Negotiations begin in earnest as victors share election spoils
Behind-the-scenes horse-trading over senior political positions is expected to get under way today in the aftermath of the Assembly elections.
First Minister Peter Robinson and Deputy First Minister Martin McGuinness were due to meet this morning as a week of inter-party hard bargaining begins.
A significant shake-up of Ministerial portfolios seems likely along with a revamp of Stormont scrutiny committee chairmanships.
But the talks seem likely to fall short of the discussions on a new programme of government demanded by Ulster Unionist leader Tom Elliott.
There has been speculation that Sinn Fein will opt to take the Department of Enterprise, Trade and Industry (DETI) as their first choice for a ministerial appointment.
And it has been suggested the party could shift Conor Murphy from Regional Development into DETI, replacing the former Minister Arlene Foster.
The DUP’s Ms Foster, who came in just behind Sinn Fein’s Michelle Gildernew — the outgoing Agriculture Minister — and Mr Elliott in the first count in Fermanagh and South Tyrone, is tipped to take over Education from Caitriona Ruane.
But DUP leader Peter Robinson has already indicated that his first choice will be to retain the Finance Ministry with Sammy Wilson likely to stay in position — at least in the short-term.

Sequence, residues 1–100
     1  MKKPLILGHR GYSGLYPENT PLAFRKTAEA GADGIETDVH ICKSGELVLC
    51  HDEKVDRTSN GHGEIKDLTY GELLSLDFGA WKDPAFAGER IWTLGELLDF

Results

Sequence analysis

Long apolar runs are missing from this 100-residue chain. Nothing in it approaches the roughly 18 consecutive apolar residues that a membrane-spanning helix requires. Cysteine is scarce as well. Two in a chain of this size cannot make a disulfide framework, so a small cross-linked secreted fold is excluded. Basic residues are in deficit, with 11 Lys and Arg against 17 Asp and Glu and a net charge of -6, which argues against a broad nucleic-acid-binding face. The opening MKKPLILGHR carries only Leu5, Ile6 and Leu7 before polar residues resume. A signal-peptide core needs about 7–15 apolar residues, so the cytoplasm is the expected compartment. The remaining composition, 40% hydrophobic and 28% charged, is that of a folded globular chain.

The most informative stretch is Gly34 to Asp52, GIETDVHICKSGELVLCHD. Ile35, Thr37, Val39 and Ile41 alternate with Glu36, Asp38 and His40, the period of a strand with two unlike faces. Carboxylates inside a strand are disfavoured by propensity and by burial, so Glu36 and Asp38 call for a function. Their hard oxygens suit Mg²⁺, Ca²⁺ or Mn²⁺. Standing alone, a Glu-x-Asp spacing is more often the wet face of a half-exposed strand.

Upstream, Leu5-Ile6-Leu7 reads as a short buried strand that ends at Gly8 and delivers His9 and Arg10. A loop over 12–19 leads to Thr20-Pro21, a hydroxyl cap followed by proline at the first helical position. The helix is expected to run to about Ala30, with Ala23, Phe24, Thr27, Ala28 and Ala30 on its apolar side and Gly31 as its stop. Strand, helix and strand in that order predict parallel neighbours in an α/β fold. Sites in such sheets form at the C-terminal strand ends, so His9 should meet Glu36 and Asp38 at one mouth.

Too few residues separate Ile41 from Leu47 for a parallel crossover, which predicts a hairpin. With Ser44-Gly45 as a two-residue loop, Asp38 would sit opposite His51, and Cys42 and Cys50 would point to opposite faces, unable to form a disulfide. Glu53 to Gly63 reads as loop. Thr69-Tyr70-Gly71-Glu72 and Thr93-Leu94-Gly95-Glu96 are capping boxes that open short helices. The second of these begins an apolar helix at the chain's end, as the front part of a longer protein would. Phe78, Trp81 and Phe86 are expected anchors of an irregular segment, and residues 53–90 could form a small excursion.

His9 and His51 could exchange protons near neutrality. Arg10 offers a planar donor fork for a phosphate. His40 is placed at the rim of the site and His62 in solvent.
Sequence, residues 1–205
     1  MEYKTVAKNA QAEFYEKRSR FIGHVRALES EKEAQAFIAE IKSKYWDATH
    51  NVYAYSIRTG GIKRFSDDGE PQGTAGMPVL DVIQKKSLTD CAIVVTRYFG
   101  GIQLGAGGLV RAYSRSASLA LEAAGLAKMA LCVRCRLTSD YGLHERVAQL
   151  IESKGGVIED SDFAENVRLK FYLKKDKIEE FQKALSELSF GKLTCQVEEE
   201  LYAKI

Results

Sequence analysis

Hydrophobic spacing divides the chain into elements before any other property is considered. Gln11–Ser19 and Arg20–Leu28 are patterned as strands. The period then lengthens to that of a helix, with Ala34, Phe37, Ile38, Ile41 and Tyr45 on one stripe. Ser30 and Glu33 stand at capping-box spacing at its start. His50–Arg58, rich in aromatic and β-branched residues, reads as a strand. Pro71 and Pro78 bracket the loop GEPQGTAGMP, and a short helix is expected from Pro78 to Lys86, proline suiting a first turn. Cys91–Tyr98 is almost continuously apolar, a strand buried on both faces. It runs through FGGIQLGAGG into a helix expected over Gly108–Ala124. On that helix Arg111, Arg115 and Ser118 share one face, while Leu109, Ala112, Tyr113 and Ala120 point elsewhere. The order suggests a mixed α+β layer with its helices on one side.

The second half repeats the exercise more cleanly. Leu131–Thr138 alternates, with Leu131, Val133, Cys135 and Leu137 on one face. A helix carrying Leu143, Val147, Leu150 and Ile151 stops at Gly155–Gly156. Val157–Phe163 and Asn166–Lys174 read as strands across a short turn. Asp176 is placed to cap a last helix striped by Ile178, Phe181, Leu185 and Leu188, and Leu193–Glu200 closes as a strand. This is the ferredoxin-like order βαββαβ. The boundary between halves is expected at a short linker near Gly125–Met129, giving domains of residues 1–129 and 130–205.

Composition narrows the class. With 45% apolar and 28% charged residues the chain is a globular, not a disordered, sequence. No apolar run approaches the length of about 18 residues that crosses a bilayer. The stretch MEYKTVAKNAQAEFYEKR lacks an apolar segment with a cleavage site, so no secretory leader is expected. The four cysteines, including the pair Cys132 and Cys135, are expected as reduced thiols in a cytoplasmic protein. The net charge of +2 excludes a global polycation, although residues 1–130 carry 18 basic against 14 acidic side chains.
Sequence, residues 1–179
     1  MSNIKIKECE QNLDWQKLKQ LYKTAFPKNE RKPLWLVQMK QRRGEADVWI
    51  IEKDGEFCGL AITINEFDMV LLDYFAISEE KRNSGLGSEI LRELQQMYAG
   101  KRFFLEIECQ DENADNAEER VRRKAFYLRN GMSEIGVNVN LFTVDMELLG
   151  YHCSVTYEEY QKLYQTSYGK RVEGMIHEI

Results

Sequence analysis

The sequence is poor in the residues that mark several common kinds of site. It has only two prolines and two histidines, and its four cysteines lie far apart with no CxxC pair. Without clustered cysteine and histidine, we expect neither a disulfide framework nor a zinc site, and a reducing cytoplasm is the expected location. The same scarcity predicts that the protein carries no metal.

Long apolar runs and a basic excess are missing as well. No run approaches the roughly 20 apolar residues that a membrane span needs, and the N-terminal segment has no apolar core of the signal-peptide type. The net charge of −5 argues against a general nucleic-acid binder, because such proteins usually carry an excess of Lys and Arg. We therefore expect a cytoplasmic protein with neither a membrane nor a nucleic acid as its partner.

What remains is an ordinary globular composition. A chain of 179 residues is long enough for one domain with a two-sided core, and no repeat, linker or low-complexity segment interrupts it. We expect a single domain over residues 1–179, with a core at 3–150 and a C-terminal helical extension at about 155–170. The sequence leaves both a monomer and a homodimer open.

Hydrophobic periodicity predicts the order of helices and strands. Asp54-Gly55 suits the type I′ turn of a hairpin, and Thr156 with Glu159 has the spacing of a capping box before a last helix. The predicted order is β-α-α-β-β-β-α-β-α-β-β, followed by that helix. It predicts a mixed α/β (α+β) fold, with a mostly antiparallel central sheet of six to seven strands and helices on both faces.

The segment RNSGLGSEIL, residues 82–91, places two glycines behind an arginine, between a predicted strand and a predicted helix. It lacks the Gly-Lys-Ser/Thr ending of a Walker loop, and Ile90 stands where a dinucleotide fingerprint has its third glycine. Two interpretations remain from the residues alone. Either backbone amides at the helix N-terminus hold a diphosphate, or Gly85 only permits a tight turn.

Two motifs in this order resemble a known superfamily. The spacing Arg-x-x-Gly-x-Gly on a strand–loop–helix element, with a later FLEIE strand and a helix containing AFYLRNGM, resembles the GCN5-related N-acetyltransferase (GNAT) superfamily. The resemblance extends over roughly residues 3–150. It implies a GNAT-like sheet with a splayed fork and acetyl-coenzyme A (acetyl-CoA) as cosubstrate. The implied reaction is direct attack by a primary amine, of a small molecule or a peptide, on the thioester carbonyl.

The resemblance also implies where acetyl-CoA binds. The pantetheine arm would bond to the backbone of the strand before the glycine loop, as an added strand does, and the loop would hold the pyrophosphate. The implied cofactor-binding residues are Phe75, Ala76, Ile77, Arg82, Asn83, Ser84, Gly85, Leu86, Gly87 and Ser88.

However, Sinn Fein opting for DETI would allow Mr Robinson to take education as the third choice when the complex D’Hondt procedure is rolled out.
Senior Stormont sources are also predicting that Sinn Fein’s Martina Anderson — elected on the first count in Foyle — could replace Mr Murphy at Regional Development or an alternative portfolio. Mr McGuinness declined to go into any detail yesterday but he and Mr Robinson are also likely to consider the appointment of a new Justice Minister in the allocation of ministries, which is based on the number of Assembly seats won.
The DUP now has two more seats than before — 38 — and Sinn Fein one extra — a total of 29 — but it is most likely Alliance leader David Ford will continue in the position under the Hillsborough deal hammered out between the two big parties last year. Alliance would be entitled to another Executive seat following its increased vote share but Ulster Unionists will retain both their seats if disaffected former member David McClarty returns to the fold.
It is also thought the position of Assembly Speaker could be in the mix in the negotiations ahead of the first anticipated Assembly session on Friday.
While it appears most likely the well-respected William Hay, returned on the first count to top the poll in Foyle, will resume the role, there is a prospect of it going to a nationalist.
Sinn Fein’s Francie Molloy — who won the last seat in Mid-Ulster — has been tipped for the position along with the SDLP’s John Dallat, who was elected on the sixth count in east Londonderry.
Both, along with independent David McClarty, have acted as deputy speakers to Mr Hay in the last term.